Better Than an Informational Interview

A far more valid way to obtain information on a career.

Posted Oct 23, 2020

No author listed, Pikist, Public Domain
Source: No author listed, Pikist, Public Domain

It’s long been recommended that career searchers do informational interviews, that is, ask a person or two what the career is really like.

In my clients’ experience, there is a far better way. Here’s why. Even if you manage to get to talk with a couple of people (often not easy), you’re getting just two people's opinions, a too-small sample. They may love the career or hate it, or have an anomalous situation or a specialty of little interest to you. Yet because you’ve spoken with them, it’s tempting to give their testimony excessive weight in choosing a career.

Far more valid in our digital age is to use the internet: It’s an easier, faster way to obtain a decent sample of input. You well may learn more about a career in an hour or two of smart internet searching than in more protracted efforts to obtain and participate in informational interviews. While the approach may vary a bit depending on the career, here are sources of career information likely to be useful in a wide range of careers:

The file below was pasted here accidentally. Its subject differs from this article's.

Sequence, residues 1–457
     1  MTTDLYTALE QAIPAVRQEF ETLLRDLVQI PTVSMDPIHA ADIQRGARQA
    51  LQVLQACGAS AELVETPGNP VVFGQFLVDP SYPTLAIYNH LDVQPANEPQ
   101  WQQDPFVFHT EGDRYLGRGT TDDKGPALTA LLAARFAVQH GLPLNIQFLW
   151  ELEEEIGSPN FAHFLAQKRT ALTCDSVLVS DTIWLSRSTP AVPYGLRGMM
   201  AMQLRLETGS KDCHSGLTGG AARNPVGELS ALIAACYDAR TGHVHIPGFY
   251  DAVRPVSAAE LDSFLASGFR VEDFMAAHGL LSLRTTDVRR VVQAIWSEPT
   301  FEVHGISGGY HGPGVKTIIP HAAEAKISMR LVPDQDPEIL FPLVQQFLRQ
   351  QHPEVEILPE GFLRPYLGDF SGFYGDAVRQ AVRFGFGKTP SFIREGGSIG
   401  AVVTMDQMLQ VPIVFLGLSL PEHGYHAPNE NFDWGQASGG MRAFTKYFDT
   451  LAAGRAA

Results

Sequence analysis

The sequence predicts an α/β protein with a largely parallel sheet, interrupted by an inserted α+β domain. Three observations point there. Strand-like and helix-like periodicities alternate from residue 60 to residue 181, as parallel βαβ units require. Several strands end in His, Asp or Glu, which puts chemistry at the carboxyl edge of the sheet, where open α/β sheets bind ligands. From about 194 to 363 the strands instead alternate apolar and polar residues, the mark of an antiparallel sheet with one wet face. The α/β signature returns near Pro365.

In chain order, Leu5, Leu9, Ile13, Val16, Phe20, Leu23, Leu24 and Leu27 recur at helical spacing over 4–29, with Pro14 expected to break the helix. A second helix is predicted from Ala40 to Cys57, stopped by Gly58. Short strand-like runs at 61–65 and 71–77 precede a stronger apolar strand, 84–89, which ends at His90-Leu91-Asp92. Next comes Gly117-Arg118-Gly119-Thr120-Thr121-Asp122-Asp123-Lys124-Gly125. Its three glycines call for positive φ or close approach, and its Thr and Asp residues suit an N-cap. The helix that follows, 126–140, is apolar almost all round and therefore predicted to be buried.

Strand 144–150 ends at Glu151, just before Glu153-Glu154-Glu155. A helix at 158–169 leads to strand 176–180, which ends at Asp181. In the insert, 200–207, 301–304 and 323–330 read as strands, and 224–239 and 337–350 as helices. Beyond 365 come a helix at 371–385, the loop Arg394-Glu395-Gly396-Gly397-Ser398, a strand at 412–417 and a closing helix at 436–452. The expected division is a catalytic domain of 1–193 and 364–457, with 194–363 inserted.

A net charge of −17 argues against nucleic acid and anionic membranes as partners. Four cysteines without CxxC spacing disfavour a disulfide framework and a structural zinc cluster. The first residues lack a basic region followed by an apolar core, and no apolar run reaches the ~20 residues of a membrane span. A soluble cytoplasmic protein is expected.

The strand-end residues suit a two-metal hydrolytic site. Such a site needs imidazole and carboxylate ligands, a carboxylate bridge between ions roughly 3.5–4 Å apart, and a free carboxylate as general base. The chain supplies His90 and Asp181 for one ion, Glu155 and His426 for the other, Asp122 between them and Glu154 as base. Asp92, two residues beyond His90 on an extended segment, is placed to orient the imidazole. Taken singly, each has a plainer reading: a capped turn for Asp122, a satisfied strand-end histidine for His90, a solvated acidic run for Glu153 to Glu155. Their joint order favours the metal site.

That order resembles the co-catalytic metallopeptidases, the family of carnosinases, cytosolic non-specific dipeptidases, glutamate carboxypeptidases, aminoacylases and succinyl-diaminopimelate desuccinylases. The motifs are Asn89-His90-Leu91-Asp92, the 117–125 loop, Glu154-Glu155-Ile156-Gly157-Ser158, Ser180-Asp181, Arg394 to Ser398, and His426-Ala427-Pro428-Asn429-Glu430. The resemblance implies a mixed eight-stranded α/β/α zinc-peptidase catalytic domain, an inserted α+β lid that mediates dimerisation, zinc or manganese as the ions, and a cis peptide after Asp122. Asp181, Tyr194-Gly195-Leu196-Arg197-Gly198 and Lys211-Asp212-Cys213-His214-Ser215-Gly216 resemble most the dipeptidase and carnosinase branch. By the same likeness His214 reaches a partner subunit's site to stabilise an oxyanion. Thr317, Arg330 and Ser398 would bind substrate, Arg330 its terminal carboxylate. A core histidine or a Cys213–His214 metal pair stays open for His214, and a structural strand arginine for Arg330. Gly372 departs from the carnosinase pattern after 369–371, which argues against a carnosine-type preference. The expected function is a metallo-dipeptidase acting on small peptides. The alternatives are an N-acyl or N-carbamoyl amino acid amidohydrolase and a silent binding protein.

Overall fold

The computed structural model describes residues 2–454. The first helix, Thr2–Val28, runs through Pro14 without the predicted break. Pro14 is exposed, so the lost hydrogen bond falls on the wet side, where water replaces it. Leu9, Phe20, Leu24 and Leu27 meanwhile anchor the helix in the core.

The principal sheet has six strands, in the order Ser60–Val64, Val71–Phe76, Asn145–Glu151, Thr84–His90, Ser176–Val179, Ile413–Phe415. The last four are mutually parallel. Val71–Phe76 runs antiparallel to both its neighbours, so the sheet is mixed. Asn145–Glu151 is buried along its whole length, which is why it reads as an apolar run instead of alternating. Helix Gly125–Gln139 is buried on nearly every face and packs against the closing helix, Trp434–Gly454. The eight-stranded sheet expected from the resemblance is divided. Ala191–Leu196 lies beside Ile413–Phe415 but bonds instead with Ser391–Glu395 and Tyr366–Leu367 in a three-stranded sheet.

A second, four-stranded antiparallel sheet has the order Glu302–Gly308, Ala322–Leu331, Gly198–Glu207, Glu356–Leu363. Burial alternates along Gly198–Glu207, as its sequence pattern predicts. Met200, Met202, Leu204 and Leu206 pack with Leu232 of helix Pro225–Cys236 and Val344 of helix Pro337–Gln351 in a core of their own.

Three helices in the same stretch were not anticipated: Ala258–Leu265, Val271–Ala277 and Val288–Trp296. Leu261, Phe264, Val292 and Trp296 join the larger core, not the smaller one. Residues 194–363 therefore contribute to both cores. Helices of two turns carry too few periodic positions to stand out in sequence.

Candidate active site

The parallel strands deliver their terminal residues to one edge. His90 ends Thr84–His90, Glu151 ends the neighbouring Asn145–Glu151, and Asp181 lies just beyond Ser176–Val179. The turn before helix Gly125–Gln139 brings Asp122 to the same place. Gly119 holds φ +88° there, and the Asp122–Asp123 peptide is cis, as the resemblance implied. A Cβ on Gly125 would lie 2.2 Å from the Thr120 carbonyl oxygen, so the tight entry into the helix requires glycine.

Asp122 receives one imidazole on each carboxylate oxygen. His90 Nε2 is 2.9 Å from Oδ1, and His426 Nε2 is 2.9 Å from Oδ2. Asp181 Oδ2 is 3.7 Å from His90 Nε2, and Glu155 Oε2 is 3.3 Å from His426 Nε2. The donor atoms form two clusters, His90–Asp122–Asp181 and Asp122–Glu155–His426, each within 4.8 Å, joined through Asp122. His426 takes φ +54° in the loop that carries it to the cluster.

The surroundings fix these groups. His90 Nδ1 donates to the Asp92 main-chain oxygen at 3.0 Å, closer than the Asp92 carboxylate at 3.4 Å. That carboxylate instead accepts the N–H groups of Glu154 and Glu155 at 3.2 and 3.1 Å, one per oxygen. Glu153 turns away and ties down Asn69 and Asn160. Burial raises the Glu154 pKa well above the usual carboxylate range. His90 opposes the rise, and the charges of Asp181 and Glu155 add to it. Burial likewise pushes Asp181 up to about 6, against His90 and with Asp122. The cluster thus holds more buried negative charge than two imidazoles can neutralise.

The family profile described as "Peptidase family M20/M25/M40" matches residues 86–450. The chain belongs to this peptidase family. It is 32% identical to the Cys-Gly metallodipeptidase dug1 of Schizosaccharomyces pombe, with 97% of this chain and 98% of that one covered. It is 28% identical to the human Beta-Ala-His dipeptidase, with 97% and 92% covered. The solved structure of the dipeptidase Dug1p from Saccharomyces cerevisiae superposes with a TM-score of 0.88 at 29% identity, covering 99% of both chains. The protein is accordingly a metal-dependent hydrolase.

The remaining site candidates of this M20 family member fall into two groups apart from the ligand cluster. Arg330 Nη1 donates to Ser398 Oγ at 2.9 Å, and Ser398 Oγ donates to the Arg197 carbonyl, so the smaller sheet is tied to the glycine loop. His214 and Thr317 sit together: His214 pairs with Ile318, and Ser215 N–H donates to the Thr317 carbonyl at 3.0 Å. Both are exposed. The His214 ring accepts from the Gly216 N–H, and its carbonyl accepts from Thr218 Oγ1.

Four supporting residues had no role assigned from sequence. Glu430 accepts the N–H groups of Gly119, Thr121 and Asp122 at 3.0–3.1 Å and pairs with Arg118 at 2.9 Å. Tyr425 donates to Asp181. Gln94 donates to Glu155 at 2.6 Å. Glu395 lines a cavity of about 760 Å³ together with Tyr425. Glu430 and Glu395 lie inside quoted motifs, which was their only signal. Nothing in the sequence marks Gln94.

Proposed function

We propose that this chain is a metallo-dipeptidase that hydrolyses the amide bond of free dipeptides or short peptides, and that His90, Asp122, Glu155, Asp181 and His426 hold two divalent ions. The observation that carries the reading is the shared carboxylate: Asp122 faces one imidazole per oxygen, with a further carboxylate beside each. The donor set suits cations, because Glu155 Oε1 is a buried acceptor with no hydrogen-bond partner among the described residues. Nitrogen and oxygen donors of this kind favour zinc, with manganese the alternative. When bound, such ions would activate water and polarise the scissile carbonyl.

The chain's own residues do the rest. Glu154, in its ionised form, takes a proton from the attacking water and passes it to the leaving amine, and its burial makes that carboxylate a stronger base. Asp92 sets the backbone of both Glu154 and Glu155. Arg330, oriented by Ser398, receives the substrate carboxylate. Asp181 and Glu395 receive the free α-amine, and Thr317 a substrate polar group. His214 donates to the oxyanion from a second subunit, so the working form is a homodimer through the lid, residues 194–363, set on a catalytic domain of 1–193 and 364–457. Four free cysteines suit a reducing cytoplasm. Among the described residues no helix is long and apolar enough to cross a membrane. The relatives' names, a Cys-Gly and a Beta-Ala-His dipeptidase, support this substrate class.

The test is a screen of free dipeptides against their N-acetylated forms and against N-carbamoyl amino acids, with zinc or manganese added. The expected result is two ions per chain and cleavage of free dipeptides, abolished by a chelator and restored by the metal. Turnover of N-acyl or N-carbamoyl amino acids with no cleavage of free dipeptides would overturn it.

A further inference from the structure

Google search. We tend to underestimate Google search because it's free and so readily available. But remember that a Google search instantly curates millions of sites to identify the likely most useful ones. The key, of course, is to use good search terms. Some often useful ones: [insert name of the career, careers], [insert name of career “day in the life”] and [insert name of career and “career information”]. To cut the chance of going down unfruitful alleys, just scan the first few search results, pick an intriguing one, and as you're reading it, deciding whether to skim it, read it carefully, or go to another search result.

Professional associations. This refers to a field’s membership organization. To find an appropriate one(s), Google (name of career organization), (name of career association}, and less likely but still worth trying, (name of career, society).

Professional forums. LinkedIn has more than two million forums, which it calls “groups.” To find on-target ones, click on “My Network,“ “Groups,” and then “Discover.”

Government career sites. These sites offer text and often video on myriad careers: CareerOneStop.org and MyNextMove.org.

The takeaway

The information interview is obsolete: hard to get, providing information based on too small a sample and, contrary to many job seekers’ hopes, too unlikely to result in a job lead.

Gathering information on a career(s) using today’s digital resources is far more likely to help you choose a career at which you’ll be happy and successful, plus get you tips on training, niches, etc. There’s a time for the personal, but this usually isn’t it. Go digital.

I read this aloud on YouTube.